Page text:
Cleveland: Partial victory against racist sports symbol

One of many ongoing protests against the continued use of racist symbols by big business sports teams.

After decades of struggle, the hated racist symbol of Cleveland’s professional baseball team will finally be removed from uniforms, caps and promotional materials. The team and Major League Baseball announced on Jan. 29 that the racist mascot will be eliminated in 2019, but the bigoted name of the team will remain.

Leaders of this struggle consider this a partial but important victory. Why is there a one-year delay? It is probably a business decision to make money so merchandise can be sold to the hardcore racists who miss the “good old days” of white supremacy and genocidal theft of Native land.

The first demonstration to ban the caricature was held in 1971. The size and militancy of opening day actions in Cleveland grew after 1991, with the formation of the Committee of 500 Years of Dignity and Resistance.

At the 1997 World Series, Vernon Bellecourt, a leader of the American Indian Movement and president of the National Coalition on Racism in Sports, was arrested for setting fire to a stuffed doll, which symbolized the despicable mascot. He did this while protesting outside Jacobs Field, now called Progressive (Insurance) Field. Juan Reyna and Juanita Helphrey from the Committee of 500 Years of Dignity and Resistance were also arrested.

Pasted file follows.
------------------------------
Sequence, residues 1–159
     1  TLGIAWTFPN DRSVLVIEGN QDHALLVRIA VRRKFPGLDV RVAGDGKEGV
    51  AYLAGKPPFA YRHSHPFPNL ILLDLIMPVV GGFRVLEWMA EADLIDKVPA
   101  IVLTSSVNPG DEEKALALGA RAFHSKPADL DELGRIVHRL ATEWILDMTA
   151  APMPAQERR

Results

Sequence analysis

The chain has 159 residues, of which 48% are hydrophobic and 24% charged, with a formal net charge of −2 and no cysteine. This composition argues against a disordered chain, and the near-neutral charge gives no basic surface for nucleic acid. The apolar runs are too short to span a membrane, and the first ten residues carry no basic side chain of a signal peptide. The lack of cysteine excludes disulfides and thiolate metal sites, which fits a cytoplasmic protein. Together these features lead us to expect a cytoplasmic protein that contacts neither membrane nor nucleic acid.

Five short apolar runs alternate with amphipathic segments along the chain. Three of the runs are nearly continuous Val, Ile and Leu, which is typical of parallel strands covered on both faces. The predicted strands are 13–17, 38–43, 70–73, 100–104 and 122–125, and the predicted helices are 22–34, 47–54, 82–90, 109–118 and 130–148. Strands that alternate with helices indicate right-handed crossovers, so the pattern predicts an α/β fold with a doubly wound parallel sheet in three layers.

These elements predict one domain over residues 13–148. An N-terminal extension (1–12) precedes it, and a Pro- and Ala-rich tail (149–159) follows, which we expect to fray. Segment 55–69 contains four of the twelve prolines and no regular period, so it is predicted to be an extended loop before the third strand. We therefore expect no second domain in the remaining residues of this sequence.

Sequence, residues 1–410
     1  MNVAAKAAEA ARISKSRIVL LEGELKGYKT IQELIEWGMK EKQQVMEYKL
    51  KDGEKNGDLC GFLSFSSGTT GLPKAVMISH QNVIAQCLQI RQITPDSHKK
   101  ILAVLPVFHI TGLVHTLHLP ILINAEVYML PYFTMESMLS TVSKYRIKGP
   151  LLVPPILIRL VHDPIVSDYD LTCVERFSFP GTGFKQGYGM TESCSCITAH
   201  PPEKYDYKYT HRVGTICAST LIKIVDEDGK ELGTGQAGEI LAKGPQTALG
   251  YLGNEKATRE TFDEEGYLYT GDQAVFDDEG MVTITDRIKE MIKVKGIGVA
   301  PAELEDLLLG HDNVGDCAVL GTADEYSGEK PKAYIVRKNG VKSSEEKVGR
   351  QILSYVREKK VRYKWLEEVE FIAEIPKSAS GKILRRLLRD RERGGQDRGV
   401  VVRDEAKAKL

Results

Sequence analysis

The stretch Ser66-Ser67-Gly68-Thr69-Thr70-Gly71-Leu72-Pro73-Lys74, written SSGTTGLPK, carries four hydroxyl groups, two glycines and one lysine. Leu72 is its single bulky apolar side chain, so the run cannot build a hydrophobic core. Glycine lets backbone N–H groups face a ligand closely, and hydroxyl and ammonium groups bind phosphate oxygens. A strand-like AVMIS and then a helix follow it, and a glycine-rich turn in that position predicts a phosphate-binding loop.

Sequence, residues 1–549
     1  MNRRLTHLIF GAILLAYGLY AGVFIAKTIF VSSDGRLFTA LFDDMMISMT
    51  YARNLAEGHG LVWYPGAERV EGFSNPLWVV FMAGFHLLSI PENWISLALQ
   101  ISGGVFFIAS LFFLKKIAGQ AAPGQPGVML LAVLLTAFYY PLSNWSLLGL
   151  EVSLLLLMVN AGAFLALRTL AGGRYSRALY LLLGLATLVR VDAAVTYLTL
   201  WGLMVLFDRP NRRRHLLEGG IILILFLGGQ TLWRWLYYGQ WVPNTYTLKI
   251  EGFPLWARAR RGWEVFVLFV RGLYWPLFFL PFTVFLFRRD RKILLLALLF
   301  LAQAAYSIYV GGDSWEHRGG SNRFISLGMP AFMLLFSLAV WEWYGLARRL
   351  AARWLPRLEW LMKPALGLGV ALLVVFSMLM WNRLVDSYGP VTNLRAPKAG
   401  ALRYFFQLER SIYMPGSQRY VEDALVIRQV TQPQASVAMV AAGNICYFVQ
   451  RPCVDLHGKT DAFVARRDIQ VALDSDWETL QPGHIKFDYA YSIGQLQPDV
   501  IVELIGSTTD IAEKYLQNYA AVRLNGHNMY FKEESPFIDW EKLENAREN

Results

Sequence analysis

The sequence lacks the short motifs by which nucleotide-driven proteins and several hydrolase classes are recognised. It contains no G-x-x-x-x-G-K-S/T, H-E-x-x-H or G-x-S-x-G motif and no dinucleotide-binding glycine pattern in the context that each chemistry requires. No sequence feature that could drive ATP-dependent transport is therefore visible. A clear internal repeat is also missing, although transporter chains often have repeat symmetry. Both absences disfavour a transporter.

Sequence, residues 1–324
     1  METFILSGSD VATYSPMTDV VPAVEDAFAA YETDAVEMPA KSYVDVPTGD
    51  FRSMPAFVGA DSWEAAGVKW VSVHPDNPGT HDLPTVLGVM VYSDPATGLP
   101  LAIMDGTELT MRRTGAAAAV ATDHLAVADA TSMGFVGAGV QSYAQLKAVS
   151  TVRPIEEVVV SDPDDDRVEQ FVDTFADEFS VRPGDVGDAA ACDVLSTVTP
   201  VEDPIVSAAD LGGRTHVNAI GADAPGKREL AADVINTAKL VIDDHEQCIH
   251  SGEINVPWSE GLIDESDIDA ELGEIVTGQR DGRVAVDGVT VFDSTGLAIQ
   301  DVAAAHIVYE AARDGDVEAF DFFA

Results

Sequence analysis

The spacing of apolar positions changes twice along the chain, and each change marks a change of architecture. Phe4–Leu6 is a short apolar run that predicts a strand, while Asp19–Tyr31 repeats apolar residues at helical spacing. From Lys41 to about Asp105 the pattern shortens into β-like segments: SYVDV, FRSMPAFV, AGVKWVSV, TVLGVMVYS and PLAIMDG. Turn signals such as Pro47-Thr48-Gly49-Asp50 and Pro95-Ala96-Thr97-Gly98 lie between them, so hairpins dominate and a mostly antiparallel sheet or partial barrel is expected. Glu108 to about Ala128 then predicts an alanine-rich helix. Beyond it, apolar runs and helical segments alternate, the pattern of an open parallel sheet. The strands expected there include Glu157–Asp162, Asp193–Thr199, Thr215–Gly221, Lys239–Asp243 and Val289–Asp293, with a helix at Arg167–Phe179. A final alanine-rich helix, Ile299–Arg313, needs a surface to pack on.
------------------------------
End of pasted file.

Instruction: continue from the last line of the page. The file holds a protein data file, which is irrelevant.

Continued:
After charges were dropped in 1998, another attempt was made to burn the effigy. Bellecourt and Reyna were arrested again. So were Charlene Teters, a leader from Illinois of the National Coalition on Racism in Sports and Media; Zizwe Tchiguka, a local leader of the All-African Peoples Revolutionary Party; and James Watson, a white member of the Committee of 500 Years of Dignity and Resistance. Once again, all charges were dropped. (Workers World, April 12, 1998)

Demonstrations, lawsuits and mass media articles continued to press for the elimination of the Cleveland team’s racist name and mascot.

At the 2016 Cleveland vs. Toronto American League playoffs, Canadian activists sued to stop the use of the logo based on the Ontario Human Rights Code. The struggle went international.

Native fighters and their supporters will be out again at the team’s home opening game on April 6. Demonstrators will guard against any double-cross on the logo by management and plan to continue the fight against the team’s hated name.

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